PUBLIC transport campaigners are backing moves to keep extra trains and rolling stock in Scotland to help deal with the Forth Road Bridge closure, even after it is up and running again.

It is understood talks are being held to procure the extra seats at the public expense as a contingency after the bridge is reopened in case there is a recurrence of any problems.

The development came as a leaked email revealed that Transport Scotland was told of an urgent need to repair the bridge 10 months ago.

Chief engineer Barry Colford imposed a restriction on "abnormal" loads and said it needed to remain until all the truss end links were strengthened.

One of the links has since cracked, leading to the closure of the bridge.

Transport Scotland said the restriction imposed was not related to the current structural defect.

Details have also emerged of how safety works on the the bridge were put off for at least seven years, amid mounting concerns behind the scenes over funding and transport disruption.

The bridge is due to reopen in the new year after repairs to its structure are completed. It comes after Transport Scotland confirmed the discovery of a crack on one of the bridge’s truss end links. Engineers say progress is "vulnerable to weather conditions".

ScotRail has hired two extra high speed trains from England and Stagecoach had found 33 extra buses to run more services from Fife to Edinburgh to help deal with the emergency closure of the bridge on December 4.

Used by about 100,000 people and 70,000 vehicles a day, the bridge normally sees 6,300 cars crossing it southbound in peak morning rush hours.

ScotRail, which is run by Dutch company Abellio, has leased one locomotive with six carriages and more than 300 seats from DB Schenker, a transportation logistics company.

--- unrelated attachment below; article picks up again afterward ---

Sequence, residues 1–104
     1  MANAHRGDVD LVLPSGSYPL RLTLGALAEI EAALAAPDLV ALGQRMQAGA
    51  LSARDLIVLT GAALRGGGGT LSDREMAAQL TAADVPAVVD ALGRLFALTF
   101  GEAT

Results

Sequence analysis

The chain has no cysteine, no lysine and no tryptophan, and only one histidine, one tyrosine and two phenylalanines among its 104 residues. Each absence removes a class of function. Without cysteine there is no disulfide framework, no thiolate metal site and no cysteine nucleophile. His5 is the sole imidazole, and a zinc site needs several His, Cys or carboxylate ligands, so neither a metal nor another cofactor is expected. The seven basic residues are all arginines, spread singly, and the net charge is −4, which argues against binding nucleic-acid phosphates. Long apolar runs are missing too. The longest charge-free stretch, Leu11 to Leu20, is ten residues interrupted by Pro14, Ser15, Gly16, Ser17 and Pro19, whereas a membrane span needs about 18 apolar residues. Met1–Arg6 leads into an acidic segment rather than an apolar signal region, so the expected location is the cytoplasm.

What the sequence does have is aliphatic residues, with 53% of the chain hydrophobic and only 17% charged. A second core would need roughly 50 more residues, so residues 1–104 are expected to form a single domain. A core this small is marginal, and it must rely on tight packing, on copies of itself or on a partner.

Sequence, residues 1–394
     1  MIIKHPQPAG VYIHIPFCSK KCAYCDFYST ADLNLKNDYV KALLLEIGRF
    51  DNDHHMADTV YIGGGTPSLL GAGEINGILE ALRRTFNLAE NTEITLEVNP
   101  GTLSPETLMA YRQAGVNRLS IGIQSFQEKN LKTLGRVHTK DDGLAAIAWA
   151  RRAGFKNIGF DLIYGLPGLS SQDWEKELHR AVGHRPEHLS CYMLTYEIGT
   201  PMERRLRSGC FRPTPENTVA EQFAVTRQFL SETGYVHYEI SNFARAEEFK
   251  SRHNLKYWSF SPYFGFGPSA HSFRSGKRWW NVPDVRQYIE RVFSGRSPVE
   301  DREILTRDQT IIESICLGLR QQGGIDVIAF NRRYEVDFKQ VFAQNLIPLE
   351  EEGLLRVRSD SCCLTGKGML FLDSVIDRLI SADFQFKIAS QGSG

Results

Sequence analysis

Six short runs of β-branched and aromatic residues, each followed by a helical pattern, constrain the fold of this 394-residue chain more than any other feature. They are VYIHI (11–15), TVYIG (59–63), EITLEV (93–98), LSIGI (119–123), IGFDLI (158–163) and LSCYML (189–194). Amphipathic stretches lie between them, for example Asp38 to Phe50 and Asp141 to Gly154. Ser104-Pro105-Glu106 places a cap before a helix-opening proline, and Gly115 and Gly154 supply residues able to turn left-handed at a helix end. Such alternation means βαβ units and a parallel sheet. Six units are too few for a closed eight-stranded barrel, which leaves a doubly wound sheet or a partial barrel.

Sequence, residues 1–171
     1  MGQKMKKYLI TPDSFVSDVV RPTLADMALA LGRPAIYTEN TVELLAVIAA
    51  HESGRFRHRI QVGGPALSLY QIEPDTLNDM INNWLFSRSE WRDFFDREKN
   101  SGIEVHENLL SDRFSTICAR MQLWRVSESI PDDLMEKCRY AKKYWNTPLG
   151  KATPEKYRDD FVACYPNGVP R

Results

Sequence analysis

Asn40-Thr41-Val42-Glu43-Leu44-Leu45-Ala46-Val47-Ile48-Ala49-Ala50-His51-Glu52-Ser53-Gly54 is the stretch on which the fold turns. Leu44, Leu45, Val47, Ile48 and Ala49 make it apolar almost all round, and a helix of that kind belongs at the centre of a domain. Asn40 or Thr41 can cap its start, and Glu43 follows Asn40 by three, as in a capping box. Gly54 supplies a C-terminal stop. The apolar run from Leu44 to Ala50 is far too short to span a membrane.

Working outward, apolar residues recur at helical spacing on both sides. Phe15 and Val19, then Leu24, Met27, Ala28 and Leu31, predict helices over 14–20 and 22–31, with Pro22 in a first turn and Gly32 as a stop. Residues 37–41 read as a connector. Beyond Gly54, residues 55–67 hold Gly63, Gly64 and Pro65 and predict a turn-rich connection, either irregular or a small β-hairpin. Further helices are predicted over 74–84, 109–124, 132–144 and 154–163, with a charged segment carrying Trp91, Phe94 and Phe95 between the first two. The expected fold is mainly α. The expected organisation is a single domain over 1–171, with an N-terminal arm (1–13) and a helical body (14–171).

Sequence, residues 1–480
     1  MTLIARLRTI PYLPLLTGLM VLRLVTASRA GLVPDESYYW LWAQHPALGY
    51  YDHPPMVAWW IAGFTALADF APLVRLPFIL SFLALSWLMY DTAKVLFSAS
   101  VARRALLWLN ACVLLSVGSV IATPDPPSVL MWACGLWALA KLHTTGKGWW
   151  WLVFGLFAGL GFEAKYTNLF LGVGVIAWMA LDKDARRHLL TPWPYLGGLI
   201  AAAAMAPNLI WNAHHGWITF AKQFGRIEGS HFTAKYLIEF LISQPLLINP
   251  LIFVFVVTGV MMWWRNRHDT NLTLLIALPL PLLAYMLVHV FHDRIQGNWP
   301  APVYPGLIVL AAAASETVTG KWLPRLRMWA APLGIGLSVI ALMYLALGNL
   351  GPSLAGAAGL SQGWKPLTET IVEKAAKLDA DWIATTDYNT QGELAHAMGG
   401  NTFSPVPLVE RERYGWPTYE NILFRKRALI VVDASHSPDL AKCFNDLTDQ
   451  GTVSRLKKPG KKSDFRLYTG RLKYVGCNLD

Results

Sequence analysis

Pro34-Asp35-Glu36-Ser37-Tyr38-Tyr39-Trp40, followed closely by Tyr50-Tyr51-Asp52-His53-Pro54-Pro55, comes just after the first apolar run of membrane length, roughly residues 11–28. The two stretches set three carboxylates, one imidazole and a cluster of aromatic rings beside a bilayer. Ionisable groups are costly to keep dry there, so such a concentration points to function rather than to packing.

Its depot is based in Eastleigh, near Southampton, and it was expected the train would remain on hire for as long as the bridge is closed.

A second locomotive and six carriages has been hired from another company and is based at depots in Glasgow and Motherwell.

Now there are moves to try to keep rolling stock after the bridge re-opens as long as Transport Scotland agrees to carry the cost.

John McCormick, chairman of the Scottish Association for Public Transport said: "There is a quite a shortage of rolling stock in Scotland. When Abellio took over the franchise in April, there were some trains sent off down to one of the franchises in England and they have been short of rolling stock ever since then. So they are running with a very tight fleet at the moment.

"If they can get their hands on extra trains they should hang onto them. They should not just be held as a reserve in case there is any problem with the bridge; that would be waste. They should be used."

The leaked email from Mr Colford was sent to Lesley Hinds, convener of the Forth Estuary Transport Authority - which formerly ran the bridge - in February.

Mr Colford said he was banning all vehicles weighing more than 150 tonnes from using the bridge because of analysis carried out about the pressure on key beams.

He said he would discuss the matter directly with Transport Scotland, and added: "The restriction needs to be in place until all the truss end links are either strengthened or replaced."

It is understood the replacement of the problem truss end links on the Forth Road Bridge was recommended by consultants WA Fairhurst five years ago.

But that work, along with other repairs, were not approved because of concerns of lengthy closures while the £1 billion second Forth crossing was due to open in 2016.

A Transport Scotland spokesman said: "The restriction on exceptionally large abnormal loads was not related to the present defect on the bridge.

"It was related to potential unacceptable overstress to the truss end brackets and associated welds within the towers. This is being addressed by the ongoing strengthening works."

He said: "The defect which has resulted in the closure of the Forth Road Bridge was identified in the last few weeks. It was unexpected and not predicted by previous analysis that was carried out by Forth Estuary Transport Authority."